cartouche

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English[edit]

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The cartouche of Ramses II.

Etymology[edit]

Borrowing from French cartouche, from Italian cartuccia, from carta, from Latin charta, from Ancient Greek χάρτης(khártēs).

Pronunciation[edit]

Noun[edit]

cartouche ‎(plural cartouches)

  1. (architecture) An ornamental figure, often on an oval shield.
  2. (Egyptian hieroglyphics) An oval figure containing the characters of an important personal name, such as that of royal or divine people.
    • 1887, H. Rider Haggard, She, ch III:
      Besides the uncial writing on the convex side of the sherd at the top, painted in dull red, on what had once been the lip of the amphora, was the cartouche already mentioned as being on the scarabaeus, which we had also found in the casket.
    • 2013, Margalit Fox, The Riddle of the Labyrinth, Profile 2014, p. 49:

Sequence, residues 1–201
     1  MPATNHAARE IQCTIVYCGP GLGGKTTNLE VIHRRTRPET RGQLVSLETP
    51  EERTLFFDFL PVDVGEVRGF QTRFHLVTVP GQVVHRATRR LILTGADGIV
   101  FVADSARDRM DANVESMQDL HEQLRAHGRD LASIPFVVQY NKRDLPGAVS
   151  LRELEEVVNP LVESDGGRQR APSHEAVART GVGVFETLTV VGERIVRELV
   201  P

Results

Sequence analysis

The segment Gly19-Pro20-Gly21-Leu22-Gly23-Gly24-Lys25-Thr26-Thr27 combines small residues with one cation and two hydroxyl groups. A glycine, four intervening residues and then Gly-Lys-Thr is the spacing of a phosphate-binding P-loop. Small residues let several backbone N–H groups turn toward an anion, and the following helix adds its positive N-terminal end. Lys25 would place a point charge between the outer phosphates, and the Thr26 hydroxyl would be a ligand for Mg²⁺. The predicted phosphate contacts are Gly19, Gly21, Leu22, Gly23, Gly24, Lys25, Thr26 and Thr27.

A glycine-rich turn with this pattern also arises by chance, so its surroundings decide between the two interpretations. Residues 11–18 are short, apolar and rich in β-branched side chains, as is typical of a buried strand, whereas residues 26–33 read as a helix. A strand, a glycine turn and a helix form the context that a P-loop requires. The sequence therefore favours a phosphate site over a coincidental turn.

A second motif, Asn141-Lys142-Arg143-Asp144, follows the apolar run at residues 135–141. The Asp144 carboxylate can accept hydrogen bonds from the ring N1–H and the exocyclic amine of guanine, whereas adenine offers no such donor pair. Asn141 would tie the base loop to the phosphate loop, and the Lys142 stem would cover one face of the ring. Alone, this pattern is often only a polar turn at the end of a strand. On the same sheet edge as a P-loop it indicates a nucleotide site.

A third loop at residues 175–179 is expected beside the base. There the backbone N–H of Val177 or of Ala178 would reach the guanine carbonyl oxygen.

In 1762, Jean-Jacques Barthélemy, a French priest who was a scholar of Eastern languages, had made the inspired guess that the cartouches set off words of great importance, such as the names of gods or rulers.
  3. A paper cartridge.
  4. A wooden case filled with balls, to be shot from a cannon.
  5. A gunner's bag for ammunition.
  6. A military pass for a soldier on furlough.

Translations[edit]

See also[edit]

  • (Egyptian hieroglyphics): serekh

French[edit]

Etymology[edit]

from Italian cartoccio, from carta, from Latin charta, from Ancient Greek χάρτης (khartēs)

Noun[edit]

cartouche m ‎(plural cartouches)

  1. cartouche (ornamental figure)
  2. cartouche (Egyptian hieroglyphic of name)
  3. title block (technical drawing)

Noun[edit]

cartouche f ‎(plural cartouches)

  1. cartridge

Derived terms[edit]

External links[edit]